When the British occupied New York, they found a city that seemed to cater to all of their wishes. Beautiful houses, nice restaurants, and citizens who seemed delighted that the British were there. All of this independence talk, many of the soldiers decided, was coming out of congress, and not the people, all of whom were pleasant and friendly.
Before leaving New York, Washington had considered burning the city to the ground so that the British would be unable to use and enjoy its benefits. He was, however, overruled by Congress, who directed him to leave the city undamaged, under the misguided belief that the British occupation would be of sort duration. The British enjoyed not only the “many fair houses” for quarters, but the plentiful amounts of food which was produced in harvest season.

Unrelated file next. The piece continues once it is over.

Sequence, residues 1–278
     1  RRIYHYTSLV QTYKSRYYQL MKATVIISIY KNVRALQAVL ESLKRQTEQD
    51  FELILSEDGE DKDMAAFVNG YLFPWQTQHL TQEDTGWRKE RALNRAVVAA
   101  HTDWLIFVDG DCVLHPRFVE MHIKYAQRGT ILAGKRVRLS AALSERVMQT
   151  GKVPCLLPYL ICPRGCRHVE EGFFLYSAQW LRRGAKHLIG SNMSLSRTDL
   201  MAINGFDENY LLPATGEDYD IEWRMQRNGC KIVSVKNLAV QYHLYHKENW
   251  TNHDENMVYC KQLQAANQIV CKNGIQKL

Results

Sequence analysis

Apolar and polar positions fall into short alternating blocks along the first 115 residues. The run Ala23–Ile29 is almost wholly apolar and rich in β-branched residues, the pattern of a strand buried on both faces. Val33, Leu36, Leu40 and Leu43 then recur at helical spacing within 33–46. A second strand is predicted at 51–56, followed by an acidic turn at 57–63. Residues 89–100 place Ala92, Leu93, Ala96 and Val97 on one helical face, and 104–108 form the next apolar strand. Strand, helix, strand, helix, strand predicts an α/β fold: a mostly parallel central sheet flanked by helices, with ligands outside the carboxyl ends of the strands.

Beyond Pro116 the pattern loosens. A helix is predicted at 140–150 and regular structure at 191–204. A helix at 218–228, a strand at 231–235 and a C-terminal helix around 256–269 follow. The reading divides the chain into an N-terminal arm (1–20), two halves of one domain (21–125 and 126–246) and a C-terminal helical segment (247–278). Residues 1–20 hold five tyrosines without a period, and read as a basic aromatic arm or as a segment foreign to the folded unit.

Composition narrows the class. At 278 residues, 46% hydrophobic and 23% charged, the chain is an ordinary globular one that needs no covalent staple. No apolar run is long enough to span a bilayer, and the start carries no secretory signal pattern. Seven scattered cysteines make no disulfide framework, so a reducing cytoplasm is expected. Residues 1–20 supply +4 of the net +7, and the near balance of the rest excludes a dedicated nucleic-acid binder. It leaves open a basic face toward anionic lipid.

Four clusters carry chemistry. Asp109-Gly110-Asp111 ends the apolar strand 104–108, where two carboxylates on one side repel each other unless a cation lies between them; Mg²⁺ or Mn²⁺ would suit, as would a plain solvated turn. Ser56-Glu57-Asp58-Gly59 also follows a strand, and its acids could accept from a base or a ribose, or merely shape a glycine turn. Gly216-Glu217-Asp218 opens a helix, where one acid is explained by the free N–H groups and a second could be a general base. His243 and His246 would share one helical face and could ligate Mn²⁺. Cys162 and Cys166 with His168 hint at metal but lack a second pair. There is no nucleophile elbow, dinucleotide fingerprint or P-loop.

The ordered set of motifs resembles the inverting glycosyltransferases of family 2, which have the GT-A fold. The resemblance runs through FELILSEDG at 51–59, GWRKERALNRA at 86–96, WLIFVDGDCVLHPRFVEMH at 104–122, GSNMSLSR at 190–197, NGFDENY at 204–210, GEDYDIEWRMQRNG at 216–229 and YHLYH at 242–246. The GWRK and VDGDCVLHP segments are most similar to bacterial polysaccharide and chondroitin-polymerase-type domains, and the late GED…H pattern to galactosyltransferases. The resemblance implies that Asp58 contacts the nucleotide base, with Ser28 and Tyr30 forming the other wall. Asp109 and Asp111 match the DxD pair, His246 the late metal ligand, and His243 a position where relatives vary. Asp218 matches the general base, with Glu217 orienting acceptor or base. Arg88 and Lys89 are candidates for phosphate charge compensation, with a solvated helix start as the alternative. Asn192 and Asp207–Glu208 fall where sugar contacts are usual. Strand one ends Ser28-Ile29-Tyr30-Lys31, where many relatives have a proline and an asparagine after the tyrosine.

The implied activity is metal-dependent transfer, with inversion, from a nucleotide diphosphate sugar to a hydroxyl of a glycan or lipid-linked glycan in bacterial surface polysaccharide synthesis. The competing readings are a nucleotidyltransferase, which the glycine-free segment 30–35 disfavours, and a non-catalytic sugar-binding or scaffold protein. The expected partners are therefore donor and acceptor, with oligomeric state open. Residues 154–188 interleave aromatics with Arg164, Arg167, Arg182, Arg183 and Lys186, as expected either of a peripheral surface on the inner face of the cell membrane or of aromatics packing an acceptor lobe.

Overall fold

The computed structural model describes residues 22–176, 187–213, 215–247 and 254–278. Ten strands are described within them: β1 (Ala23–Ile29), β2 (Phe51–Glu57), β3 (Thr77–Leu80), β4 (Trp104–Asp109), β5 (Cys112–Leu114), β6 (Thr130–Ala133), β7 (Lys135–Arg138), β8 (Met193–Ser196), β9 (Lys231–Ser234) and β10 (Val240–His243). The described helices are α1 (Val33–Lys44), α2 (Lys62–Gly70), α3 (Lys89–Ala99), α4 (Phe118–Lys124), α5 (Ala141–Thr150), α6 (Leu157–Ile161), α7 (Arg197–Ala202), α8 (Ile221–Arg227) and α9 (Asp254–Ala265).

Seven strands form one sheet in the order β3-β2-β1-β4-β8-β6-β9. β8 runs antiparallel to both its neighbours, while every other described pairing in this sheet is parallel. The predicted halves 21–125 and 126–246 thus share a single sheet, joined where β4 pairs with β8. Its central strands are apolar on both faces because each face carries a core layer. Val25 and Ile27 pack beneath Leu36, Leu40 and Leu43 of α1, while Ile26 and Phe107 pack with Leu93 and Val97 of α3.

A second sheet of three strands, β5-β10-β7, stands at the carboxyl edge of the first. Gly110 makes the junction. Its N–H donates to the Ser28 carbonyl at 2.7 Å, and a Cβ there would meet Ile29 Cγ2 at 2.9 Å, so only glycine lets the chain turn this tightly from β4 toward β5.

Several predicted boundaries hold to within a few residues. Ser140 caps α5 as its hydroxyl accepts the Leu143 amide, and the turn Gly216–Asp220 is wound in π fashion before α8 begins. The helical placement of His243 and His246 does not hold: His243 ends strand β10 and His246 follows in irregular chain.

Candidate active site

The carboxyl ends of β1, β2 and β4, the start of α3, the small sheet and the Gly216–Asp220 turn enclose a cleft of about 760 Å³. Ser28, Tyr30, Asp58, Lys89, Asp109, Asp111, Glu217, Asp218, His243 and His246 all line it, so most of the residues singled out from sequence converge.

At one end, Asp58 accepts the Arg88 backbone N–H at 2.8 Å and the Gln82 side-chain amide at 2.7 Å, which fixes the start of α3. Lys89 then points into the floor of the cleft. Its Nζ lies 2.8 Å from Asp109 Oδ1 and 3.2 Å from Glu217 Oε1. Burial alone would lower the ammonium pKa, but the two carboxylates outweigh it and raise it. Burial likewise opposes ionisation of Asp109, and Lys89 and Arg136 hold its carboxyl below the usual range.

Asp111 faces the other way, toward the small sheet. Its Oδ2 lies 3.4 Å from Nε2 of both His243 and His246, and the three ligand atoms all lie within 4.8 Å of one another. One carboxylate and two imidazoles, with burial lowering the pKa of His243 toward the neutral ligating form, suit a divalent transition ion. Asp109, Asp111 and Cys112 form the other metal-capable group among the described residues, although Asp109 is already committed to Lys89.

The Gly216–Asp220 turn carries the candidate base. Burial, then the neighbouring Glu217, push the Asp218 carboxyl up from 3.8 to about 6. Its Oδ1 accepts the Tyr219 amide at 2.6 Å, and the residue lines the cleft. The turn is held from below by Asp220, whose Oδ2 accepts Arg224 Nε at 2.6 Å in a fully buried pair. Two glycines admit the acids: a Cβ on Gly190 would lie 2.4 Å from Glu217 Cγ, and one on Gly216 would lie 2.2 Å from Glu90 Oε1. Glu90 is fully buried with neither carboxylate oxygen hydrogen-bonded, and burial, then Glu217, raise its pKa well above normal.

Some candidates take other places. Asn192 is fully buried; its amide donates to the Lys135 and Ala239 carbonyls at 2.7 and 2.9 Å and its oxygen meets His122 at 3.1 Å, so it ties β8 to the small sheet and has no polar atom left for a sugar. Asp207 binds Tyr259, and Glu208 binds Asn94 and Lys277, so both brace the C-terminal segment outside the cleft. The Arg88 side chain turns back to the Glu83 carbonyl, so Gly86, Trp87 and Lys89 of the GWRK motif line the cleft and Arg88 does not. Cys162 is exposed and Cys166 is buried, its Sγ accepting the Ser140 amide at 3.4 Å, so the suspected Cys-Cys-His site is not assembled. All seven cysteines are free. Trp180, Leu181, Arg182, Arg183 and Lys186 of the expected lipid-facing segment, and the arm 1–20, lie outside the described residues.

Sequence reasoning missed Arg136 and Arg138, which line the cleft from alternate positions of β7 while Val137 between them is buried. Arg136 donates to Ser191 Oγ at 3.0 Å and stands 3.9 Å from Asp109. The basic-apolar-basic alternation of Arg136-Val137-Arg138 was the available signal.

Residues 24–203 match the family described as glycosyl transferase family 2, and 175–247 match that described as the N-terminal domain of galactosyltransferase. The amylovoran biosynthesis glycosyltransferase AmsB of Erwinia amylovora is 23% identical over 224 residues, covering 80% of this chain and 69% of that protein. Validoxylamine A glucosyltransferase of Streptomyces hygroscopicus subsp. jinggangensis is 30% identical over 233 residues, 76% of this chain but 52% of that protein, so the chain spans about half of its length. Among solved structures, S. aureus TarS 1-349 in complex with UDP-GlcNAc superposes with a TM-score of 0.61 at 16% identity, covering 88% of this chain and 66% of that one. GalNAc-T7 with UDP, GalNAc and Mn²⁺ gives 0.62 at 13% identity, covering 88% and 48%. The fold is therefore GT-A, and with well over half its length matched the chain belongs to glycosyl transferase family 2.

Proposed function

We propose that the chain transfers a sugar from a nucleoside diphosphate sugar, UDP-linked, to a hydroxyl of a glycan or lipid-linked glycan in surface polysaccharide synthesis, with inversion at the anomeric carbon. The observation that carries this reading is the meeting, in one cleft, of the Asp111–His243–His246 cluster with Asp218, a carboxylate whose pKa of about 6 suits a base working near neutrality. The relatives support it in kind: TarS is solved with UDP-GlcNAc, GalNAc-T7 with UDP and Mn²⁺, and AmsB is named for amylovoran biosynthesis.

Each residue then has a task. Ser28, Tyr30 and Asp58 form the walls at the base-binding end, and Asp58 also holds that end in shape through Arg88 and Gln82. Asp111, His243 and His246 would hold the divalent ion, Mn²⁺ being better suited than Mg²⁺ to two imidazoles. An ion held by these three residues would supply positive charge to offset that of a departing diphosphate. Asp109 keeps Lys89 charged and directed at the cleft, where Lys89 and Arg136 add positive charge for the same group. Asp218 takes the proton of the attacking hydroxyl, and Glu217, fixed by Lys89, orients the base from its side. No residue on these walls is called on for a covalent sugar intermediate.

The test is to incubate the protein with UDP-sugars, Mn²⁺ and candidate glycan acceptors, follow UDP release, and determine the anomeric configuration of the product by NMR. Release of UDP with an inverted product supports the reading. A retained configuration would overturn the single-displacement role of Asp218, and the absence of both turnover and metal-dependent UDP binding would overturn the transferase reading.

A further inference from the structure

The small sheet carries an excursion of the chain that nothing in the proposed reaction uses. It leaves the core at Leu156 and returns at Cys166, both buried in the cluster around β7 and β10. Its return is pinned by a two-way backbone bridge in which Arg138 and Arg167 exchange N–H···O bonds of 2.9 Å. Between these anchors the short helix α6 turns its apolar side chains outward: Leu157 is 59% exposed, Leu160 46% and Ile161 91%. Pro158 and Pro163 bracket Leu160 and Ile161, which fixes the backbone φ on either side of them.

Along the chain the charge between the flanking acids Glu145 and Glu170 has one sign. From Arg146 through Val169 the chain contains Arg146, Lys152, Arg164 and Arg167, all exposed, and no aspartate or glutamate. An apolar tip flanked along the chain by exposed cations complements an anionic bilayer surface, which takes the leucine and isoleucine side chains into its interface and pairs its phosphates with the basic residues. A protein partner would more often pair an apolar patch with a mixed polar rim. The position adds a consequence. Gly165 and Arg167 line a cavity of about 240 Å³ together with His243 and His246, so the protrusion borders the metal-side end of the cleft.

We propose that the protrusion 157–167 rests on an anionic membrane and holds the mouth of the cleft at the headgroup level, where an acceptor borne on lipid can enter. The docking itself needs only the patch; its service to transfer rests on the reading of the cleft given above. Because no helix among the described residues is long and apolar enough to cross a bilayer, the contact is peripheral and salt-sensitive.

But on September 20 through the 21st, a fire raged in New York that burned a large part of the city to the ground. Fire was always a great danger in any city, given the numerous wooden houses, and London had had its own share of fires. But the British found it hard to believe that the inferno that spread so quickly across the city was a mere accident. There were “lurking” villains General Howe said. Meanwhile, Governor William Tryon believed that Washington himself had devised the plot. Others believed that New England men had plotted to set fire to the town.
Hundreds of people were arrested, but no evidence was ever found that pointed to any single individual, and eventually these people were released.
According to Washington himself, the burning of New York was an accident. However, he wrote to Lund Washington, “Providence or some good honest fellow, has done more for us than we were disposed to do for ourselves.